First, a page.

Dog Ears And Cat Ears
Ear disease is quite common in dogs and can result from a range of factors, including bacterial infections, fungal infections, ear mites, allergies, foreign bodies such as grass seed or sand, tumors, over-active glands or skin cell replacement.
Dogs have ears which are designed to be self-cleaning. The skin grows outwards and carries debris out towards the ear opening like a conveyor belt.
Unfortunately, the shape of the ear means that sometimes the self cleaning mechanism is not as effective as it should be, and dirt and ear wax can build up. Ear disease can also upset this mechanism.
Many normal dog ears will have some bacteria present, but a change in the underlying health of the ear can make this normal flora proliferate.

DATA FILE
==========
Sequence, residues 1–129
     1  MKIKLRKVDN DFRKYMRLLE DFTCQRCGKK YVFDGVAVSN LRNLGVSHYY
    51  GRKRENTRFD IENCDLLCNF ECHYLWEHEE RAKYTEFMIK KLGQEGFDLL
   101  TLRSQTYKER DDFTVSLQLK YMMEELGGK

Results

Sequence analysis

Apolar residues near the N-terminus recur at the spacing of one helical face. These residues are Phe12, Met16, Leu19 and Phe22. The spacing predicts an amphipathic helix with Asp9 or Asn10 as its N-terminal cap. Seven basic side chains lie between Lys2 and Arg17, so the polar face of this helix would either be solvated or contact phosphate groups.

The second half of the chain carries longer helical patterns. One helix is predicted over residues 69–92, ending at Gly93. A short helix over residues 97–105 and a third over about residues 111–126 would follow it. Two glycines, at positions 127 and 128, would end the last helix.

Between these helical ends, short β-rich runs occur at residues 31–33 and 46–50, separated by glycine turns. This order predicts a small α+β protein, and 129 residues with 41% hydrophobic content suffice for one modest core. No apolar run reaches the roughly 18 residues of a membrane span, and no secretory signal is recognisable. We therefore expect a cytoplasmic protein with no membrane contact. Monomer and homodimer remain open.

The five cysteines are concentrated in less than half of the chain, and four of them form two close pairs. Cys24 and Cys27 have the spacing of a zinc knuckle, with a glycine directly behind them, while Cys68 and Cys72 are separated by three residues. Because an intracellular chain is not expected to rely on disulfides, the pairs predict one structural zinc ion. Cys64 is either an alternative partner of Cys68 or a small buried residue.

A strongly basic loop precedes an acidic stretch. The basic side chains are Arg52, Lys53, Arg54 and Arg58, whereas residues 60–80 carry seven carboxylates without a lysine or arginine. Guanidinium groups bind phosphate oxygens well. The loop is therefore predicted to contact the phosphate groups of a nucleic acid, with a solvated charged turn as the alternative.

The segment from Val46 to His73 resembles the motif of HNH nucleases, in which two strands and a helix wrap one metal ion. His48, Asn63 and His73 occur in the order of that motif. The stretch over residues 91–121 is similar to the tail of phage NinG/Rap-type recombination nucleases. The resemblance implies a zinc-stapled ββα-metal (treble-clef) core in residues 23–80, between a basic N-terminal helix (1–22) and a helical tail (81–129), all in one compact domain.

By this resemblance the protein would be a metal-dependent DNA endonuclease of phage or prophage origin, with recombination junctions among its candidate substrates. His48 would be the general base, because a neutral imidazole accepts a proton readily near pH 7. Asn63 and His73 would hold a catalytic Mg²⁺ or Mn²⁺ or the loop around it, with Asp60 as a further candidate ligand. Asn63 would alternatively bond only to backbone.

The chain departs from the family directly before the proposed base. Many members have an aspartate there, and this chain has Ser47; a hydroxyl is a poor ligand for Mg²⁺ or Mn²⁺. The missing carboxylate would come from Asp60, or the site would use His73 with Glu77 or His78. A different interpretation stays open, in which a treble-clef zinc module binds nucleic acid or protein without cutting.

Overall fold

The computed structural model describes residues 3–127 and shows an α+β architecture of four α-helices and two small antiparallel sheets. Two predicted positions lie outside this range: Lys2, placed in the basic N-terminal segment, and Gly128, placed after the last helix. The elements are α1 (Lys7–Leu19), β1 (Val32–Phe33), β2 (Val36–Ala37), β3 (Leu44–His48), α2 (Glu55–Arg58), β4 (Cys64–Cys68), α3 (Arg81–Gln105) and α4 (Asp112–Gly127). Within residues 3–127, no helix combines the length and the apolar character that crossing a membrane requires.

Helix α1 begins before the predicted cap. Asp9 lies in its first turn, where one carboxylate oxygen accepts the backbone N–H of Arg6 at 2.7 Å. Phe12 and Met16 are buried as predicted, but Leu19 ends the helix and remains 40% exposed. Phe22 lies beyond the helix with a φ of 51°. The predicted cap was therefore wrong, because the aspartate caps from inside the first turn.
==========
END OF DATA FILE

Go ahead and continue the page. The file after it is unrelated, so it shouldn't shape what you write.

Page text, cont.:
Ear mites, which can affect both cats and dogs, usually live in the ears, but can venture out from time to time to the head and body, including the tail, or drop off the animal altogether and transfer from one pet to another.
While the common yeast or fungal growth on the skin of a dog is quite normal and causes no problems, it can proliferate and cause a problem when there is a change is the dog's underlying health.